Diverse line-up of Arkansas-based talent at Format Festival
Format Festival, coined ‘the art world’s Woodstock,’ is coming back to Bentonville, Arkansas for its second year. The festival will feature a variety of talent in both the visual and musical sense.
Format Festival put out an open call for Arkansas-based creators to submit their ideas for the opportunity to participate in the line-up. Two of those selected musicians are Princeton Coleman and Nicole ‘Coco’ Vasquez.
Coleman, known as Yuni Wa, describes himself as “a music producer, D.J. and a music connoisseur in all capacities.”
From a young age, about 11 or 12, Yuni Wa says began to experiment with creating his own music.
He faced several health challenges and eventually was placed in an alternative school. With three rejections of returning back to Little Rock Central High, Yuni Wa officially dropped out and committed his full-time to music.
He describes his sound as digital experimentation that is also steeped in tradition, referring to traditional Black music of older R&B and jazz songs. Yuni Wa says he’s re-envisioning a lot of these Black traditional genres into his own.
Growing up in Little Rock gave Yuni Wa a unique perspective as a Black musician in a state popularized with rock, country and punk.
“I definitely had a hard time, especially because really (in) the electronic sphere I feel like Black folks aren’t as deep when it comes to the artistry of electronic beats,” he said. “I don’t feel like we appear as deep and as far as regionally it's not really a place for the type of music I make.”
Having to find a community that enjoys his genre changed as time went on, he said.
“In the genre of music that I create, diversity could be better. There could be more broader diverse representation,” Yuni Wa said. “I feel like it takes time, but I do believe that it's been changing, but it's been a very slow change.”
The opportunity to perform with Format Festival is helping make that change in diverse representation.
“It’s huge for me (to play Format Festival)…a big part of my music is where I’m from so it's like when people think of Little Rock I want them to think of my sound,” Wa said. “It allows me to really show people that we really do have a sound you know with electronic music and I can represent that to the fullest so I absolutely love that and I take great passion in it.”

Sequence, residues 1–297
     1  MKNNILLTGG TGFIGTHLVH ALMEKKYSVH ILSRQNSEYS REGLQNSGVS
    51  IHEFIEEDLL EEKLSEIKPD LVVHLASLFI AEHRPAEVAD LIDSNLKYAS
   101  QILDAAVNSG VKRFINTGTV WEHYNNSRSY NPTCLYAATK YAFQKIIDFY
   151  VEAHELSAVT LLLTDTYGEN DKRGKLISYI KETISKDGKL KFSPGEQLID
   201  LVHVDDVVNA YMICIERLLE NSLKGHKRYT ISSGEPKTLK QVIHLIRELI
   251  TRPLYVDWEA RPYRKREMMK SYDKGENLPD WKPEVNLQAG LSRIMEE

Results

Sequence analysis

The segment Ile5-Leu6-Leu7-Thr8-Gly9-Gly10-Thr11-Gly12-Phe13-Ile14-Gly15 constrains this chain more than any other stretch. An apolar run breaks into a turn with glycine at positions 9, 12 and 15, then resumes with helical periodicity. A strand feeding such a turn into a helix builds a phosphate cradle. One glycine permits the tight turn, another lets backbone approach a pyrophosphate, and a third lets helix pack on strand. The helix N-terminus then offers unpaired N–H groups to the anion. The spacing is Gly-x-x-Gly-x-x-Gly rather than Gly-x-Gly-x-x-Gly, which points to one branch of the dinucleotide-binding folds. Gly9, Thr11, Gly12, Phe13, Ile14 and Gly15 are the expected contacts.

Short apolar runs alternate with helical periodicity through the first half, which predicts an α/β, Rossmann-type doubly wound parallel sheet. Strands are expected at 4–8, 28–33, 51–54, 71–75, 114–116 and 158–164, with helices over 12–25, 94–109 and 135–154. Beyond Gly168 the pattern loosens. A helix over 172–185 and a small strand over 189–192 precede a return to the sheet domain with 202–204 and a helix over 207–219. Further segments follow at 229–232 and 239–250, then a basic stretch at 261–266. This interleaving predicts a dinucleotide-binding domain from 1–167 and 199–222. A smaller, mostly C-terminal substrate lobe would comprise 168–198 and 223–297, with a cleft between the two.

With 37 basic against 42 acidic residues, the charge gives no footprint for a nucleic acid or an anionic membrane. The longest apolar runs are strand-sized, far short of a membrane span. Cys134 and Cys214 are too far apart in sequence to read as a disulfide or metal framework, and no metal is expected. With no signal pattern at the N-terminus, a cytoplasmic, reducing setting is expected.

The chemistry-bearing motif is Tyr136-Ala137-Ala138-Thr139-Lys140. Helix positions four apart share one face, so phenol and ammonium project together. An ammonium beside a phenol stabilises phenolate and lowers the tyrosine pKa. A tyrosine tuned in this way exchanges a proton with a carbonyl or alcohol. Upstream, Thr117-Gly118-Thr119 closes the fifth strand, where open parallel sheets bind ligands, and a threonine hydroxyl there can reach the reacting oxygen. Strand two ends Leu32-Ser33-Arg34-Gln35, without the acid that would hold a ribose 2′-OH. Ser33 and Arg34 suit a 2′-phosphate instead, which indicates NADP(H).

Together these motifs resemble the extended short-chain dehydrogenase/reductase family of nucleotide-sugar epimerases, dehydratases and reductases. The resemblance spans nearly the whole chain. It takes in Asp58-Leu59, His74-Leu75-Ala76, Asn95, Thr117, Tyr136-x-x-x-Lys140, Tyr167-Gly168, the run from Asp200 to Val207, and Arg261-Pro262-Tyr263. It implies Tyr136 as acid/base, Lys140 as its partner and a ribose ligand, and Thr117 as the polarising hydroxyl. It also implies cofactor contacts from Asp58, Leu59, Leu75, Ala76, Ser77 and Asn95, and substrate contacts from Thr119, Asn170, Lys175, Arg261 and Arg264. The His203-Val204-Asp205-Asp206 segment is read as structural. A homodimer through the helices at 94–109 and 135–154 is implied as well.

Like Yuni Wa, Vasquez, known as musician Pura Coco, takes aspects of where she’s from and combines them into her sound, uniquely blending alternative R&B with her Latin heritage. Being from New York was the start of her journey in music.
“Whenever you walk down the street there's music everywhere, absolutely everywhere. You're hearing cumbia, bachata, salsa all throughout the streets and that's how I initially started loving music,” Vaquez said.
Moving to Arkansas introduced her to R&B, hip-hop, dubstep and techno, expanding her music taste and influencing her music today.
Writing her first song at around 14 or 15, she took a break while she was dual enrolled to earn her associate’s degree from Northwest Arkansas Community College while at Rogers New Technology High School. Through that experience, she was introduced to theater and script writing.
“I kind of just fell in love with the process and started to realize why it was so important to tell stories,” Vasquez said.
There she learned about the LatinX Theatre Project with TheaterSquared and joined just to try something new which influenced her to write music more.
“It was my first time writing with a group. First time writing really all over again,” she said. “It was a really emotional process because a lot of what we talked about was how it was to be a Latino in northwest Arkansas and it was really emotional so once I kind of stepped out of that I started writing more for myself to process emotions, but also trying to enjoy life through music.”
Pura Coco says she uses the opportunity to connect with her audience and her identity during her performances.
“For like my mom and my tia and my tio, they love actually participating or dancing and singing along and I love to see that. That's their favorite part of going to one of my shows or to any show really,” she said.
Throughout her performances, she interacts with the audience, splitting the crowd or teaching dance moves, as a way to continue showing her background in her art.
Pura Coco expresses pride in the opportunity to share her music this upcoming weekend.
“Honestly, it feels really exciting (to perform at Format Festival),” she said. “Because there is such a big population of Latinos here in northwest Arkansas I’m really glad we can be a part of it.”
Arkansans Pura Coco and Yuni Wa are only two of the diverse representation of musicians and artists showcasing both their culture and their talent this upcoming weekend at Format Festival, representing the true art of the state.